Since taking back the House, Democrats have made a priority of looking into the president’s history with Deutsche Bank, concerned that there may be suspicious activity in Trump’s personal and business accounts going back to 2010. According to a report from the New York Times, Deutsche’s in-house investigators also had concerns about potential illegal activity: In 2016 and 2017, the bank’s anti-money-laundering specialists recommended that several transactions involving entities owned by Donald Trump and his son-in-law Jared Kushner be reported to the wing of the Treasury Department that oversees financial crimes.
Deutsche compliance staff reportedly prepared “suspicious-activity reports” on the transactions — including at least one from the now-defunct Trump Foundation — to send to the Treasury. The details of the transactions are not clear, but some of them reportedly involve money moving between international accounts, which the bank found suspicious. Yet Deutsche brass, which has loaned Trump and his son-in-law billions of dollars for real-estate purchases — including the $175 million the president still owes the bank — did not report the flagged information.
As the Times explains, an internal red flag does not immediately equate to illegal activity: “Real estate developers like Mr. Trump and Mr. Kushner sometimes do large, all-cash deals, including with people outside the United States, any of which can prompt anti-money laundering reviews.” A former anti-money-laundering specialist for Deutsche, Tammy McFadden, told the Times that the decision not to contact the Treasury stemmed from the bank’s loose interpretation of money-laundering laws and a willingness to protect high rollers. “It’s the D.B. way,” said McFadden. “They are prone to discounting everything.”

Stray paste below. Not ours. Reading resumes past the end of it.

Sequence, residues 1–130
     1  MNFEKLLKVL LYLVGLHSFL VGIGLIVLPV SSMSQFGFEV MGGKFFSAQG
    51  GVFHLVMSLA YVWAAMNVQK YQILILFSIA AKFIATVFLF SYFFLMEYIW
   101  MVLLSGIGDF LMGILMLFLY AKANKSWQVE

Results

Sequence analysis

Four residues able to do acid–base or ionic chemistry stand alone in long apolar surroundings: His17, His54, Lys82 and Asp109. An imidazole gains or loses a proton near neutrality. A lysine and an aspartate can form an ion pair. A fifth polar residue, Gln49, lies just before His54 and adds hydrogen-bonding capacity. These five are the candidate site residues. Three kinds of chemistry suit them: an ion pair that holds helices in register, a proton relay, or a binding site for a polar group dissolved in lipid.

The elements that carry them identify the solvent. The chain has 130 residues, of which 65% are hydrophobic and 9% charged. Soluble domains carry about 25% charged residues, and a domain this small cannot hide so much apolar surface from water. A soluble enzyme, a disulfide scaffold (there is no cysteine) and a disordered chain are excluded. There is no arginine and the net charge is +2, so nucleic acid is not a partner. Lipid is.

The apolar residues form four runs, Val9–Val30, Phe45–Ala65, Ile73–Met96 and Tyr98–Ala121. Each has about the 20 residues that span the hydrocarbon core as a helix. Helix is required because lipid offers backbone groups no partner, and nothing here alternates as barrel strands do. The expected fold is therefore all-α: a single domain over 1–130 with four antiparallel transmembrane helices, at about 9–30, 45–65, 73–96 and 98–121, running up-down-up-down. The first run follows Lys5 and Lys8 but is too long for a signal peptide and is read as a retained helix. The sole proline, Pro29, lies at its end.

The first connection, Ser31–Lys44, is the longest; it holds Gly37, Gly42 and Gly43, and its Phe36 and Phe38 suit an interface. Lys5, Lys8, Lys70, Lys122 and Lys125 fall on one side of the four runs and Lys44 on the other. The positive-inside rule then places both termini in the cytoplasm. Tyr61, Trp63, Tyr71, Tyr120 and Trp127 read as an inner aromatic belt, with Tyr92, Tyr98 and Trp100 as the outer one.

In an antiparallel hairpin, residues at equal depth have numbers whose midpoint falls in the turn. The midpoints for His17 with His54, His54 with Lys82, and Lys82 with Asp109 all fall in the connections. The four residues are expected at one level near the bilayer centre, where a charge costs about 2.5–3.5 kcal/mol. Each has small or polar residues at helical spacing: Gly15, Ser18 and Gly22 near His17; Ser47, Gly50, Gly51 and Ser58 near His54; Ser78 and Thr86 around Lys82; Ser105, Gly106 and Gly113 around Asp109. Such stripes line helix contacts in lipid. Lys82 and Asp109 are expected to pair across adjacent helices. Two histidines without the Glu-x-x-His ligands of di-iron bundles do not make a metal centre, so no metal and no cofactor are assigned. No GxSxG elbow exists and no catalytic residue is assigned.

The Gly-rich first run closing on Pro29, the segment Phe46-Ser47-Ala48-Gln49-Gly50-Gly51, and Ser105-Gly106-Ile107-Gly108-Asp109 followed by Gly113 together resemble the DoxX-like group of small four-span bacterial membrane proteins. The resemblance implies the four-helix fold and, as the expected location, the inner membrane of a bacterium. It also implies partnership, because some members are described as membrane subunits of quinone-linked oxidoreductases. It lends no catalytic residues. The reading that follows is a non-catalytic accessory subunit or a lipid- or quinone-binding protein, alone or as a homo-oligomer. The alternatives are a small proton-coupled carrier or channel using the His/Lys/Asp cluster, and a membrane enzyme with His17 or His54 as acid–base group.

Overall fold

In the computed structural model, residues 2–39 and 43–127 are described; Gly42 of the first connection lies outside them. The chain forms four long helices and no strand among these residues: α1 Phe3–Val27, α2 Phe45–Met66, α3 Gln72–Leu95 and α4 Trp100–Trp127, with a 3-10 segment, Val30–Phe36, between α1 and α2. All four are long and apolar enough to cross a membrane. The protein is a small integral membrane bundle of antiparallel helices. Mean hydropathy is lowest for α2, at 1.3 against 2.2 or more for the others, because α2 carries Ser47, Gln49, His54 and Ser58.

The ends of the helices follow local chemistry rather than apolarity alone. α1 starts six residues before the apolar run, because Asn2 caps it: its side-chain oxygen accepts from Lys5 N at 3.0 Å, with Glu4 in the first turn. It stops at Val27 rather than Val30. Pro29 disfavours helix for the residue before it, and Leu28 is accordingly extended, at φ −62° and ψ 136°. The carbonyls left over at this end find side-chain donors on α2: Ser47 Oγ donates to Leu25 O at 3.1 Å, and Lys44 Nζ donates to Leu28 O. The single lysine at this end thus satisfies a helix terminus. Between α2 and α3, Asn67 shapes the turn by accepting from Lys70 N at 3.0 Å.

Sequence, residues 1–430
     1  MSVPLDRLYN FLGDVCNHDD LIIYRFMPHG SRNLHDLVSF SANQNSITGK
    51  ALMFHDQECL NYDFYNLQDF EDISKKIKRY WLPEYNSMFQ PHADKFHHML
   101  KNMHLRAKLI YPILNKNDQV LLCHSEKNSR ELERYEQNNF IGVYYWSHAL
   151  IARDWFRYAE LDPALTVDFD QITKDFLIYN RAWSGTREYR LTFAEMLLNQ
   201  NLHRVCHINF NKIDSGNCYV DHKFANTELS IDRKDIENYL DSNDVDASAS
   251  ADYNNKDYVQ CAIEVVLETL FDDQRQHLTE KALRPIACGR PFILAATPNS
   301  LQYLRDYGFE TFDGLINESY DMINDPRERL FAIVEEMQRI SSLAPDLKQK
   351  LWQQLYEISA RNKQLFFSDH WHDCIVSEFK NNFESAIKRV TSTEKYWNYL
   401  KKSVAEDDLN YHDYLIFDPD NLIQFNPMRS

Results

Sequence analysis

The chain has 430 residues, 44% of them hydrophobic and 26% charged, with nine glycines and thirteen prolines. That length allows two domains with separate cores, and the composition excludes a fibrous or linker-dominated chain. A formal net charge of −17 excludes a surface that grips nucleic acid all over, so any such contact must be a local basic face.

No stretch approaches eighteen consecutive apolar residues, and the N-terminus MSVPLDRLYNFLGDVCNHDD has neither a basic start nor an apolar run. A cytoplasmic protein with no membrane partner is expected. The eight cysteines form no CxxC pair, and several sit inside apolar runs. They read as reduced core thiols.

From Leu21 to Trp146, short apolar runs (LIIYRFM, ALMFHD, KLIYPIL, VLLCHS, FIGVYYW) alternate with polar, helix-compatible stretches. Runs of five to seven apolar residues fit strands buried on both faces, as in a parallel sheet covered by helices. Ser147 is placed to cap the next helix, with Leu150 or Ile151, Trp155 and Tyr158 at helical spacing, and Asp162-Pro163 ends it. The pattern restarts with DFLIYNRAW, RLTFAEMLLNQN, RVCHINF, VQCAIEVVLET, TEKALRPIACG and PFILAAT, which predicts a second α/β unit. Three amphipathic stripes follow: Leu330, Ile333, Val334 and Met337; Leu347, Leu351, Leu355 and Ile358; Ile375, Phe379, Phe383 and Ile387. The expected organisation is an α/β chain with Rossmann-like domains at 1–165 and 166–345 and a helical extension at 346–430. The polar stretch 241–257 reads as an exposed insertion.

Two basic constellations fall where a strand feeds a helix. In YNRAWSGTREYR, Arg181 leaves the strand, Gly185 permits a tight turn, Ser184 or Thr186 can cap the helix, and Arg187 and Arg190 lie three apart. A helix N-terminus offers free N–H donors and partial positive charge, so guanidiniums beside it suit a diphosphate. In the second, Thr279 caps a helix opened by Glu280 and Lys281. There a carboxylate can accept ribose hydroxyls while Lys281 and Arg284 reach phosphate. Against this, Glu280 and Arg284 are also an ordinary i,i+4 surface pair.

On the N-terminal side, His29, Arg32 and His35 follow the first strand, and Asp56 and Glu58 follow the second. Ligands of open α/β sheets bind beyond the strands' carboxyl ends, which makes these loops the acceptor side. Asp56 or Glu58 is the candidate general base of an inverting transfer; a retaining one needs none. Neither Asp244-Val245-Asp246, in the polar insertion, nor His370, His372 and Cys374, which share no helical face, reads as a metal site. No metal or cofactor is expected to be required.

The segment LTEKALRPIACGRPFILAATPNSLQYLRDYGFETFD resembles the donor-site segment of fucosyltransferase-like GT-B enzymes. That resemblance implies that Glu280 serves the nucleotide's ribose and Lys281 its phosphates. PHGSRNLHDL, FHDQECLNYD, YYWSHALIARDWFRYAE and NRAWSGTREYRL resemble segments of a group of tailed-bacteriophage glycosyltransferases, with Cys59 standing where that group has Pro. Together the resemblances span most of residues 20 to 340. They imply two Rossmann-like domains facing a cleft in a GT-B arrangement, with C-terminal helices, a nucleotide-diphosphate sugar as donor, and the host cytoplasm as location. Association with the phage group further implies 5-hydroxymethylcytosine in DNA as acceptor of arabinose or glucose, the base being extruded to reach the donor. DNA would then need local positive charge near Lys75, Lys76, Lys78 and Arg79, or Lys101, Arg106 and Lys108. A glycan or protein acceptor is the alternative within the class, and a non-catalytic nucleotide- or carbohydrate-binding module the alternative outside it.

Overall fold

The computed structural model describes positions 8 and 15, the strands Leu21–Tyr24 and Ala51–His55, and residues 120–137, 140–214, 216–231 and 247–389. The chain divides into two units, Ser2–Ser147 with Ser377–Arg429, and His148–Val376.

The Times report gives Democrats further reason to pursue the Trump-Deutsche records. Already, two House committees have subpoenaed documents relating to the business relationship, and some Democratic members of Congress, including House Judiciary member Ted Lieu, believe that the president may have committed bank fraud if he misled Deutsche about his net worth to obtain a larger loan.
Conversely, the new report would give the president all the more reason to play hardball to keep his relationship with Deutsche — the only major bank to stick with Trump through his many years in the red — from the public. In response to House subpoenas for the bank documents, Trump and his family sued Deutsche in April in an attempt to block it from cooperating with the House requests.
Though the report is the first detail of possible Trump money laundering involving Deutsche Bank, some of the president’s business practices have been consistent with such behavior for years. According to BuzzFeed News, one-fifth of all Trump-branded condos sold in the U.S. since the 1980s were handled in cash transactions that allowed buyers to use shell companies to obscure their finances and identities — a type of exchange that the Treasury Department considers “an attractive avenue for criminals to launder illegal proceeds while masking their identities.”